1. The porters (26:1-12)
     2. The keepers of the gates (26:13-19)
     3. The Levites over the treasures (26:20-28)
     4. Officers and judges (26:29-32)

     Ninety-three porters are mentioned, which held the position of chiefs. The whole number of porters was 4,000 (23:5). Asaph in verse 1 must be changed to Ebiasaph (9:19), for Asaph was not a Korahite, but a Gershonite. Obed-edom is especially mentioned. God blessed him (verse 5). He had sheltered the ark (8:14), "and the LORD blessed the house of Obed-edom, and all that he had." And here the blessing is seen in a remarkable increase. "All these of the sons of Obed-edom; they and their sons and their brethren, able men for strength for the service, were three score and two of Obed-edom" (Psalm 127:3). How faithful the Lord is. He did not forget Obed-edom's service and rewarded him richly.

     Then there were the gate keepers. The temple was still unbuilt, no plans had been drawn by man, but the Lord had revealed the plan to David (28:11-13), and he ordered the keepers of the gates according to the divine plan. Then follows the appointment of the Levites who had charge over the treasures and the appointment of officers and judges. Their number was 6,000 (Chap. 23:4). They were divided into three classes: 1. For the outward business of Israel (verse 29). 2. Those who had the oversight of Israel beyond Jordan westward, 1,700 persons, for all the business of the Lord, and for service of the King (verse 30). 3. The third class consisted of 2,700 who were rulers for every matter pertaining to God, and affairs of the king (verses 31-32). All was divinely planned and arranged through David in anticipation of the glorious reign of his son. And even so all is planned and appointed for the coming reign of the King of Righteousness and the King of Peace.

6. The Captains, Princes, and Various Officials


     1. The twelve captains (27:1-15)
     2. The princes of the twelve tribes (27-16-22)
     3. The unfinished numbering (27:23-24)
     4. Various officers (27:25-34)

     We have here the military organization of David's kingdom. The army comprised all males over twenty years of age. The host had twelve divisions each of 24,000. It is remarkable how the number twenty-four occurs again and again. Twelve is the governmental number and twice twelve, that is, twenty-four, would indicate a perfect and complete government such as will be established when Heaven's King of Glory is enthroned. In the list of the Princes of Israel the tribe of Dan is numbered last. There is something significant about this. Dan, as we have seen, is not mentioned in the chronological register, nor is this tribe mentioned in Rev. 7. Dan is called a serpent (Genesis 49:17); it may be that the coming false Messiah will come out of Dan. Gad and Asher are not mentioned in the list.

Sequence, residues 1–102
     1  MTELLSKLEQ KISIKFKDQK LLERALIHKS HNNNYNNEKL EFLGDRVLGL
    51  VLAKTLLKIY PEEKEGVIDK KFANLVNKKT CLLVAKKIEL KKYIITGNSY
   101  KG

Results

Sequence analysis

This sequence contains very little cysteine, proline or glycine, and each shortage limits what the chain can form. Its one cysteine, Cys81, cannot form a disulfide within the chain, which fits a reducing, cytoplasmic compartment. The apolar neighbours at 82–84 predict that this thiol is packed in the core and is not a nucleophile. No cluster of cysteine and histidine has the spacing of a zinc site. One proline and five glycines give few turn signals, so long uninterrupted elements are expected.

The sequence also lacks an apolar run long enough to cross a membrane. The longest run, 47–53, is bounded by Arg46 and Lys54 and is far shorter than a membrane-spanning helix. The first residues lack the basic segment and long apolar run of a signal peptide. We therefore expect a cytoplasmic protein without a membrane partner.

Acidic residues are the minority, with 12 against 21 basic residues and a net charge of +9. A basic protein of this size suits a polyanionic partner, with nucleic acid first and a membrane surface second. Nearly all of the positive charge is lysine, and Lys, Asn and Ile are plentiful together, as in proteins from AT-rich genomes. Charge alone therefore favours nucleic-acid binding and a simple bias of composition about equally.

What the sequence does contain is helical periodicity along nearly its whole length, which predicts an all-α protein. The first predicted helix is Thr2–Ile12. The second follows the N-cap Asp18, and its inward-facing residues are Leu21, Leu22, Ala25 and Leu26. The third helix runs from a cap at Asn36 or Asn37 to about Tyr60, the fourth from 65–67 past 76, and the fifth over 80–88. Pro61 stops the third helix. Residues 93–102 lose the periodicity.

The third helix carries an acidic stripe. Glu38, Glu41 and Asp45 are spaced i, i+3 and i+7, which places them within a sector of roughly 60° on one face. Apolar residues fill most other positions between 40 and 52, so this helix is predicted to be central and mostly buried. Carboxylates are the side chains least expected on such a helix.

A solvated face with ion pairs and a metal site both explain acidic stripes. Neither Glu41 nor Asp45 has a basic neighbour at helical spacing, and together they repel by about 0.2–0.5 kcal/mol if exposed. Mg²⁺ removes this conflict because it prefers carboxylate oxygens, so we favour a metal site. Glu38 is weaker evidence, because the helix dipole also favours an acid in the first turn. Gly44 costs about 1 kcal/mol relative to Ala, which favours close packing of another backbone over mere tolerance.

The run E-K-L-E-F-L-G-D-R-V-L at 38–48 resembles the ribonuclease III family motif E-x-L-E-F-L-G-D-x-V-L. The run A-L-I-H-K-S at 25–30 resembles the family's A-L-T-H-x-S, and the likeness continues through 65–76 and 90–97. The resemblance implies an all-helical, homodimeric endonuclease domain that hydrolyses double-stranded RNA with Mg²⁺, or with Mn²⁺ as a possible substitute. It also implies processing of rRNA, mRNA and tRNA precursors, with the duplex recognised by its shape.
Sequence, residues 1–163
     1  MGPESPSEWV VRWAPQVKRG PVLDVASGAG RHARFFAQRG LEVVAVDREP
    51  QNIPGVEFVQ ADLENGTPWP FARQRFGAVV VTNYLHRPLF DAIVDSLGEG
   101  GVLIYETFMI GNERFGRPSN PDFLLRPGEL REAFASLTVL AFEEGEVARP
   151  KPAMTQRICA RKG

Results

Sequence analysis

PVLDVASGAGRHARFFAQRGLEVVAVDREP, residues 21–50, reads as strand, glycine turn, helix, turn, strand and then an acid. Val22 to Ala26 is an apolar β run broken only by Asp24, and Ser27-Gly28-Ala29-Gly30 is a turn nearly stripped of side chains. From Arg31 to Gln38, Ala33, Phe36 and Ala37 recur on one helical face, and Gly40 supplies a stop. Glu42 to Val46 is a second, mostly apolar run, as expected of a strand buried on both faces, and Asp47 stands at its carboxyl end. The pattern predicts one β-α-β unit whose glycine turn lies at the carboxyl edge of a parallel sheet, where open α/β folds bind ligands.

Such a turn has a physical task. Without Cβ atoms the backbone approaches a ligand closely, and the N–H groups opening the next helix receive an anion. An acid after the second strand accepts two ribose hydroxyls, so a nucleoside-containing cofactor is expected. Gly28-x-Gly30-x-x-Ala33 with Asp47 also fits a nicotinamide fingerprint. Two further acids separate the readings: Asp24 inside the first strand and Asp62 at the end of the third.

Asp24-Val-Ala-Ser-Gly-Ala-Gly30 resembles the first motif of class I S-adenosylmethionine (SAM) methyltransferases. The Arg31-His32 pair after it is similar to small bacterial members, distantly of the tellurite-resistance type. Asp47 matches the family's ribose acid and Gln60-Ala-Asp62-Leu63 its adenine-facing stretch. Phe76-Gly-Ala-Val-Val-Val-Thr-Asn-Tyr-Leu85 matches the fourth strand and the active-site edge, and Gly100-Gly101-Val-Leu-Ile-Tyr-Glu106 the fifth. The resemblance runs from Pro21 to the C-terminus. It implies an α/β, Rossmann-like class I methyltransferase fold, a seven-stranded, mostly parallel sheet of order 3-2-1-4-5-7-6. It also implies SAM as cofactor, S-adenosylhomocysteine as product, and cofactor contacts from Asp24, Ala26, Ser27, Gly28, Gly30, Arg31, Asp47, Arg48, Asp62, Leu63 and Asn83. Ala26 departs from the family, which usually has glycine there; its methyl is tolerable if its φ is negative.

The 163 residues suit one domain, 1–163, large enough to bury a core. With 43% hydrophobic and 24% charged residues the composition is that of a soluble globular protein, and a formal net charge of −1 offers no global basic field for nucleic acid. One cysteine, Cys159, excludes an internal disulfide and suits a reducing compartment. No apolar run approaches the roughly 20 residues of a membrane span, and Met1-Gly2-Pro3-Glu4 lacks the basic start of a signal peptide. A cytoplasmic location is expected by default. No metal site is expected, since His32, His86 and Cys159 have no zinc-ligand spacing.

7. The Last Acts of David and His Death

CHAPTER 28 The Great Assembly

     1. The Address of David to the assembly (28:1-10)
     2. The patterns, the gold and the silver delivered to Solomon (28:11-19)
     3. His encouraging words to Solomon (28:20-21)

     The events in this chapter connect with Chapter 23:1. There we find the brief statement that David was old and full of years and that Solomon his son was made king over Israel. Then follow the chapters which acquaint us with the preparations David had made for the building of the temple and the arrangements of the Levites, etc., for the temple service. And now the threads of the narrative which were dropped are taken up again. A great and representative audience was called by David when he made Solomon king. All the princes of Israel and the captains and mighty men in Jerusalem came together. As we know from the book of Kings the aged monarch was weak in his body. But when the hour came to address the great assembly he arose and stood upon his feet. The three attitudes of David are suggestive. He was, on his face, a penitent, (2 Sam. 1:12; 1 Chron. 21:16); he sat in His presence as a worshipper (1 Chron. 17:16), and now he stood on his feet as a servant. The words he spoke before the assembly are similar to those he addressed to his son Solomon in private (1 Chron. 22). After he had spoken all these words, in which he once more traced the gracious dealings of the Lord with him, he admonished his son to know the God of his father, to serve Him with a perfect heart and a willing mind. "If thou, seek Him, He will be found of thee; but if thou forsake Him, He will cast thee off forever." Then he exhorted him again to build the house. "Be strong and do it."

     After this David handed over the patterns of the porch, the temple houses, the treasuries, the upper chambers and the inner rooms and of the place of the mercy seat. How did the king obtain these patterns? He had them by the Spirit. The authorized version prints Spirit with a small "s." It was not his own spirit who planned it. A certain commentator says it means that these patterns had been "floating in his mind." The sentence "the pattern of all that he had by the Spirit" means that the Holy Spirit had revealed it all to him. It was given to him by inspiration as the pattern of the tabernacle and all belonging to it had been given to Moses also by revelation. Then he turned over to Solomon the immense quantities of gold and silver and other materials he had so faithfully collected for the construction of the Temple.